Should You Buy The Nokia X?

The new Nokia X Android phone could be a dream come true or your worst nightmare.

When a floundering Nokia swore its allegiance to Microsoft’s Windows Phone platform in 2010, there was a lot of sceptism as to the wisdom behind the Finnish company’s decision. Almost four years later, that sceptism seems to be justified considering that Windows Phone is still a distant third behind its competitors—Google’s Android and Apple’s iOS—in nearly every respect. With developers busy creating apps for those other more ubiquitous mobile operating systems, the Windows Phone app store isn’t growing fast enough to convince anyone to give the OS a shot. And while sales of Nokia’s colourful Lumia smartphones have been strong for quite a while, a recent decline could be a sign of worse things to come.

Enter Android and the Nokia X family.

Because Nokia has a history of outselling all other phone manufacturers in emerging markets, it is only sensible for it to consistently create devices tailored to the needs (and pockets) of consumers in those places. Taking cues from its highly successful Asha range, Nokia elected to launch three devices—the Nokia X, X+ and XL—in Africa, Asia and the Middle East. All illegimate children of the Android Open Source Project (AOSP), the new Nokia phones run a version of Android so heavily skinned that it looks more like Windows Phone than a Google baby. You can forget about having access to Android Play and other Google services as Nokia was careful to replace them with Microsoft’s equivalents where possible.  And with good reason: Microsoft is in the process of buying Nokia’s phone business for $7.2 billion. The hardware end of things is classic Nokia: durable, colourful and chunky; with the irritation of sub-par cameras, average processors, limited onboard storage and screens that are anything but impressive.

So should you buy the Nokia X? We’ll let you decide based on the conclusions from a variety of first impressions and reviews of the phone from five top technology websites.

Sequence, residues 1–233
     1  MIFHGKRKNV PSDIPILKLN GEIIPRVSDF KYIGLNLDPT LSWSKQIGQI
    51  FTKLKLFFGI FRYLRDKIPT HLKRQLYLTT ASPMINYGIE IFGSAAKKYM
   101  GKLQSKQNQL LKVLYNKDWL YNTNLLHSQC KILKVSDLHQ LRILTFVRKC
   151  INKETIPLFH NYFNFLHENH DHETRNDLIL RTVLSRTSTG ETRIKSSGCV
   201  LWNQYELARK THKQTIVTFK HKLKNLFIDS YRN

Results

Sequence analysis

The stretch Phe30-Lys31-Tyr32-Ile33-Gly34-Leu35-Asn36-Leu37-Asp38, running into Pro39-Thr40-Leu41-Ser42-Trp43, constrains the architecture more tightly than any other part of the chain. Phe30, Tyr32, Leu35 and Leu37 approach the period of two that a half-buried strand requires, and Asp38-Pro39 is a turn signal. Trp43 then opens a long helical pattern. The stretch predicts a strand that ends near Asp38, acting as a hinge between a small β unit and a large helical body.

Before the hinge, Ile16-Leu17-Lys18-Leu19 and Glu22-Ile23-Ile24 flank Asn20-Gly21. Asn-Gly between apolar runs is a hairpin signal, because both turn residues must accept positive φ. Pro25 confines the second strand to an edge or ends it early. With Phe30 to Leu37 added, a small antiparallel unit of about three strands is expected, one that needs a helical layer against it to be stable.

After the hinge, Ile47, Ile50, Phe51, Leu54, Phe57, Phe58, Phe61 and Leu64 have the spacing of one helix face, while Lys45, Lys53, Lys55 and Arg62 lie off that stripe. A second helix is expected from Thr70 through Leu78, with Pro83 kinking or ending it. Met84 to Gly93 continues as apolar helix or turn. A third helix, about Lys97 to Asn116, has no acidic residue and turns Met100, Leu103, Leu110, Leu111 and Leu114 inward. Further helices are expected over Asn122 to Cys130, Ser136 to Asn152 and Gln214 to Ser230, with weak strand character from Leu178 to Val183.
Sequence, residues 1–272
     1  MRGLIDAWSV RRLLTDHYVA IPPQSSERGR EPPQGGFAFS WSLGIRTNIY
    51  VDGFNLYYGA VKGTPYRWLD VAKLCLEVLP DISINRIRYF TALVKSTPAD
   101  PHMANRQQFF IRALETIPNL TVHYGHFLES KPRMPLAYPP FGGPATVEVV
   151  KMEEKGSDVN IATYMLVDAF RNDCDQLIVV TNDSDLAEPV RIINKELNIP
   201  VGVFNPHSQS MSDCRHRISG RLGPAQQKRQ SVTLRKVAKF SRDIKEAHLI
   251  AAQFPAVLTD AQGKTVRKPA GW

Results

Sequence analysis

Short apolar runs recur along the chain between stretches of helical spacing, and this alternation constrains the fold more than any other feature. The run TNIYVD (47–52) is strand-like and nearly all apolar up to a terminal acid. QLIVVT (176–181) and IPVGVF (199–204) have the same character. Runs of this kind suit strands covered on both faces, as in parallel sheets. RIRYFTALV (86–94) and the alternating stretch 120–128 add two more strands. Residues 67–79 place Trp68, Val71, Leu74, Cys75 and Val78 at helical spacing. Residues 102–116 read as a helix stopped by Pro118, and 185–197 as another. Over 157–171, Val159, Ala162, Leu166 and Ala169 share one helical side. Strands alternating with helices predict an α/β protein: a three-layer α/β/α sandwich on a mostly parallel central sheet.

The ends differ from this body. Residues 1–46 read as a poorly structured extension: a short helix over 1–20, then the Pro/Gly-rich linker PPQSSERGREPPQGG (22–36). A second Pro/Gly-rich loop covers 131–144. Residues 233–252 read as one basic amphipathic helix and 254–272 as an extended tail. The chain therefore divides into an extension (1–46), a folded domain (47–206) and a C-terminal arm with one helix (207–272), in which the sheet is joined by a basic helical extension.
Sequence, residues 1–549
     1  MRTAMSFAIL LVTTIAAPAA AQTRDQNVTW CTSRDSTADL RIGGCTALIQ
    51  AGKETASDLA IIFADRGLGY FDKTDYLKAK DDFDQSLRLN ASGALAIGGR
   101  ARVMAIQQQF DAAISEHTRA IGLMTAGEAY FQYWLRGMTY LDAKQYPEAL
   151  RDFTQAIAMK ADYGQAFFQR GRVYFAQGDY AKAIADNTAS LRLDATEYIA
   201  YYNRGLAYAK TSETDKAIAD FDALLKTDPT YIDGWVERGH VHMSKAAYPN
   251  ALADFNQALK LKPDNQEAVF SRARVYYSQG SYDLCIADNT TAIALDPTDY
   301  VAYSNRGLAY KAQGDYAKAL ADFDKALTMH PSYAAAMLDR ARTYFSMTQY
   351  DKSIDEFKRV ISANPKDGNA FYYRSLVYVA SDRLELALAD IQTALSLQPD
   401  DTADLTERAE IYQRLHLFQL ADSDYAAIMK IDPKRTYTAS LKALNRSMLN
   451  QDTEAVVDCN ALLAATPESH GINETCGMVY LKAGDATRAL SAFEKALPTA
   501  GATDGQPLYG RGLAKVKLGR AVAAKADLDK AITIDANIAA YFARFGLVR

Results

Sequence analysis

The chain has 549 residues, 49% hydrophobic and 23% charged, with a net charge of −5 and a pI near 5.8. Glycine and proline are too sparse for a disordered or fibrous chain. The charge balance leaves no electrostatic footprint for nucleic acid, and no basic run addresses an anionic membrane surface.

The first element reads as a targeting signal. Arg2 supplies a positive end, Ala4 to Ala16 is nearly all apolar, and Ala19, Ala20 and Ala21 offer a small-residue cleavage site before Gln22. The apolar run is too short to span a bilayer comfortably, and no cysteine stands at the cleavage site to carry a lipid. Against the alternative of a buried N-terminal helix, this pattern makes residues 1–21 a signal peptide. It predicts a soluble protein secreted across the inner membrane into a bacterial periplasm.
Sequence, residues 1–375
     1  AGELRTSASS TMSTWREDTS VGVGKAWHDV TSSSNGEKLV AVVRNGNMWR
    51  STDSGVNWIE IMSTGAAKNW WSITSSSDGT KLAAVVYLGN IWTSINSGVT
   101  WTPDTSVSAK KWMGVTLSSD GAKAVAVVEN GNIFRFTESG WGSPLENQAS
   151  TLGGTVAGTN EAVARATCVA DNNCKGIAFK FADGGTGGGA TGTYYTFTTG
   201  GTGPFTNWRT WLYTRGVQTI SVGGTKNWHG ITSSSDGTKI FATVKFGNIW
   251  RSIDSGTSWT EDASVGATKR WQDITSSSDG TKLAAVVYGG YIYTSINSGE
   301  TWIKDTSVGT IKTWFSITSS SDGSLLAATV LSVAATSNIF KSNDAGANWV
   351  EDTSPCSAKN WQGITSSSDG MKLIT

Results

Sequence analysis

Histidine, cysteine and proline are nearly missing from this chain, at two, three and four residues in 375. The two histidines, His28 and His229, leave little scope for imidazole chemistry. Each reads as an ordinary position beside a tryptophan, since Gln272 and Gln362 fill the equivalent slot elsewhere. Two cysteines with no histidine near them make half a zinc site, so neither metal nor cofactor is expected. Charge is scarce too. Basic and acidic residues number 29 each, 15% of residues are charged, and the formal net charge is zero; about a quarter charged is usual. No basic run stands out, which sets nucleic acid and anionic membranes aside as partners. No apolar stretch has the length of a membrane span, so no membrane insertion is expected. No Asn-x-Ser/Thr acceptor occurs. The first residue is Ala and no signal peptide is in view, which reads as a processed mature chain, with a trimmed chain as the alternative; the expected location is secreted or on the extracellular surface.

“The Nokia X is a surprising bit of hardware, if you can put aside top-tier smartphone expectations and take it for what it is.” — TechCrunch

“…the Nokia X is a well constructed smartphone that has a straightforward UI, a nice display and integration with Microsoft’s services, Nokia’s Maps and Music services, as well as a lot more apps than Windows Phones currently have.”  — UnleashThePhones

“Even though everyone had great expectations with Nokia’s first Android smartphone, it turned out to be a dud, performance-wise as well as UI wise. It lacks access to Google Play Store and its hardware is unimpressive. Based on the price and performance, no one should be buying this.” — Gearburn

“The Nokia X is most exciting because of its Android software. However, it’s the design and hardware we like most here, as the limited app support and potentially niggly software need a bit of time to develop.” — TrustedReviews

“The Nokia X just feels like an experimental project created by a team of determined engineers who wanted to see this phone on shelves. It has all the hallmarks of Nokia’s approach with the N9: a phone that felt like it was released merely because of the amount of effort that went into developing it.” — The Verge

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